Alex Rix is a Creative Writing student in Aberystwyth. Her non-fiction has appeared in Kerosene and Heroica. She writes from her real-life experiences with the darker corners of life. Her piece, ‘I Nearly Died Once’, can be found in EPOCH Issue 03: Roots, available to purchase here.
Why do you write CNF, and do you explore other genres in your work?
I started off writing creative snapshots of all the people I’ve loved. I changed names, places, obvious details and dramatized in places. I think I was drawn to writing from my real life because more than anything it was a way for me to work through my past. But, also, because sometimes life can suck, if you can’t turn that into something; into growth, into art, into a way to support other people facing the same hurt then I feel as though you’re allowing it to just be pain.
Since then, I have started to really embrace creative non-fiction, both as a means of working through all the mucky bits of life as well as laying my own experiences out for other people to relate to. I’ve also let myself get more creative with my fiction; I still write emotional moments from a real place, true memories, but the subjects have gotten really out there. I’m currently writing a three part story of the rise and fall of a sex robot company under three different leaderships for my Masters and I’ve written for a few magazines about my experiences with going sober.
Did you have a piece already written when you learned about Epoch’s theme, or did you write a new piece? If so, how did you approach the theme of Roots in the creation of your work?
I started ‘I Nearly Died Once’ the same way I start all my pieces. I sat down in front of my laptop with a submission recipient in mind and I just started typing and let myself end up wherever I needed to. The theme of Roots became entangled in whatever happened to be at the forefront of my subconscious in that moment, which just so happened to be the sexual assault crisis. How I can’t remember a time in my life in which I didn’t understand that I was a target.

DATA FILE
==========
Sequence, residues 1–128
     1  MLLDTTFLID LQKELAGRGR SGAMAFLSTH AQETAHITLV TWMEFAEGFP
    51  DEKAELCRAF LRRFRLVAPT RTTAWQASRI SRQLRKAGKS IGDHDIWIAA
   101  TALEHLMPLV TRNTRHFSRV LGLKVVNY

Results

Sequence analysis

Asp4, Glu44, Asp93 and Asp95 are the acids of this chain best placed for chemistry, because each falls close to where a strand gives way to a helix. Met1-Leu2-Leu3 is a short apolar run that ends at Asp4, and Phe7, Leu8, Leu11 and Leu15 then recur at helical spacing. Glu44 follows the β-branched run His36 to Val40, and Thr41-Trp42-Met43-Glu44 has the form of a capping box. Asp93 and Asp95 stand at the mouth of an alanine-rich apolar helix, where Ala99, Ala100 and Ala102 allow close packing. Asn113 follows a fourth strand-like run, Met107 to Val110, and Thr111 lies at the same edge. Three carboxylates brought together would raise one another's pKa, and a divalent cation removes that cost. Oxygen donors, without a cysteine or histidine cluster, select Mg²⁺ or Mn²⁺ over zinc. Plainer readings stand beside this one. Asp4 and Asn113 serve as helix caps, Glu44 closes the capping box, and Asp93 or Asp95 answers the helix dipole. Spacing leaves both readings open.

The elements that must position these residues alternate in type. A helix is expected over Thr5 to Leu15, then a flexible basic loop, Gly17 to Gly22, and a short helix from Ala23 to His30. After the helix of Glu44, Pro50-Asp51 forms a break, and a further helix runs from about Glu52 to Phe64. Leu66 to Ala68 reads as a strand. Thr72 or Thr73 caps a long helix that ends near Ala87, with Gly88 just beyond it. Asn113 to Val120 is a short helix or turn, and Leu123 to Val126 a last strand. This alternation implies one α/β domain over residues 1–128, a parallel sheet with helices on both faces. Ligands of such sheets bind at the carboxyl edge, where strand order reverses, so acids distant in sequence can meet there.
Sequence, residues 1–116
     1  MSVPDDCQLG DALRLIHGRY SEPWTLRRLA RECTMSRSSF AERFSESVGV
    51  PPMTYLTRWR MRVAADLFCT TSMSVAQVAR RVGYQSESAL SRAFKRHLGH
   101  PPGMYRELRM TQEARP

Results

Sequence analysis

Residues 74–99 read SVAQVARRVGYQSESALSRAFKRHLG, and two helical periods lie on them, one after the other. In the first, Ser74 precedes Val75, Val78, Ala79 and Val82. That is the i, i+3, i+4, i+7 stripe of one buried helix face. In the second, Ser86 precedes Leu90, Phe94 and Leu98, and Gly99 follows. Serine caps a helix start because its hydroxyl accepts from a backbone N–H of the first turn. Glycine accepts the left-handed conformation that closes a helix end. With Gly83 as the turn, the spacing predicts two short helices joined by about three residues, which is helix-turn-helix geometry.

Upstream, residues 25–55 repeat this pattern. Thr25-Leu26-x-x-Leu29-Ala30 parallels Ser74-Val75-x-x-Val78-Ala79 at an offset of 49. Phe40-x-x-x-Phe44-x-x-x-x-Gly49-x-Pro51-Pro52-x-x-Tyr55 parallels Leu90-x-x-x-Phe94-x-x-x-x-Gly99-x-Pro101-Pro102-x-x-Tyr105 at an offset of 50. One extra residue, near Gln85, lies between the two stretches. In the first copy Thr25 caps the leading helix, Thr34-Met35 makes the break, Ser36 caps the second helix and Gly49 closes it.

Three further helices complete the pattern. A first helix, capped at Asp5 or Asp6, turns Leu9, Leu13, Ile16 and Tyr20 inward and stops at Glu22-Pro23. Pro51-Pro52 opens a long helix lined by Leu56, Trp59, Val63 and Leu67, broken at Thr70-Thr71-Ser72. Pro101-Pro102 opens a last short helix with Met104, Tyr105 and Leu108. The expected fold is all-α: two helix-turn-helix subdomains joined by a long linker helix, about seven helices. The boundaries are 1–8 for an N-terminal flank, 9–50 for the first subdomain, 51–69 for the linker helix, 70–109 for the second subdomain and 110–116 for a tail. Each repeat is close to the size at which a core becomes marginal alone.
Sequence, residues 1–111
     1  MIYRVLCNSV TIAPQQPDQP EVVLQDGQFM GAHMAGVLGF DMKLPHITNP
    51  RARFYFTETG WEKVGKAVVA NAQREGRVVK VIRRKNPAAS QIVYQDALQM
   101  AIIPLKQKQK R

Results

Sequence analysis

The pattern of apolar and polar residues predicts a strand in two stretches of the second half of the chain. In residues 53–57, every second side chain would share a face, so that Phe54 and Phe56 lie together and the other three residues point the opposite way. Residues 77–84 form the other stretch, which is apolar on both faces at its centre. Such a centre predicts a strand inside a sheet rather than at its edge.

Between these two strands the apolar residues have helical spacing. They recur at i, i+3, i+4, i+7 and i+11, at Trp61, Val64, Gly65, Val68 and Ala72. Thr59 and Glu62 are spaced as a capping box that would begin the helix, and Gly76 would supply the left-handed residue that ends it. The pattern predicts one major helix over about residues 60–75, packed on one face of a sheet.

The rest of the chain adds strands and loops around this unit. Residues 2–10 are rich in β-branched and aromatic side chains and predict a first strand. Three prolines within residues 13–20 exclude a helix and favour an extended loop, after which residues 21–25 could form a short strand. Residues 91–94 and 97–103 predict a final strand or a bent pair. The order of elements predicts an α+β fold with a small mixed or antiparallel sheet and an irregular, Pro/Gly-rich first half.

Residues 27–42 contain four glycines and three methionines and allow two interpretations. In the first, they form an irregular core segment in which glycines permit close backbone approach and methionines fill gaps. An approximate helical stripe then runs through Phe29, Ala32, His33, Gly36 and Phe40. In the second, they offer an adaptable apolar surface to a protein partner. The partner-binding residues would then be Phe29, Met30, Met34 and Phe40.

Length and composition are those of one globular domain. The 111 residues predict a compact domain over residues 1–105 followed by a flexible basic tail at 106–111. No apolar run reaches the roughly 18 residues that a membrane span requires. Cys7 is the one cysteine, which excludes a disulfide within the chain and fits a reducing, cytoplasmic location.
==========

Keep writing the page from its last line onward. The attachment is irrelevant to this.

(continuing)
What is the biggest challenge when writing CNF?
The two most prevalent challenges when writing creative nonfiction, but specifically when writing about your own lived experiences, seem contradictory. The first is making sure that what your writing is true to your experience. Not trying too hard to change something that happened to you into something that is exciting for someone else to read. The second is to keep in mind that you are writing about it for other people to read. You’ve got to know what details need explaining, what details don’t, what the moral of the story is to a person who isn’t at the centre of it.
Ultimately, you need to know that what you have put out there is a representation of your life that you can stand by whilst recognising that once it’s out there it’s no longer just for you.
What’s your favourite piece of art in your home?
I have a little sculpture of a female torso that my friend made for me, it’s painted sage green and has one of my tattoos carved into it and painted. Said friend named it after me and it sits on top of an upside-down wooden bowl that happens to look like a UFO that was made by my partner. I just adore it; it would absolutely be one of the things I made sure to save from a fire.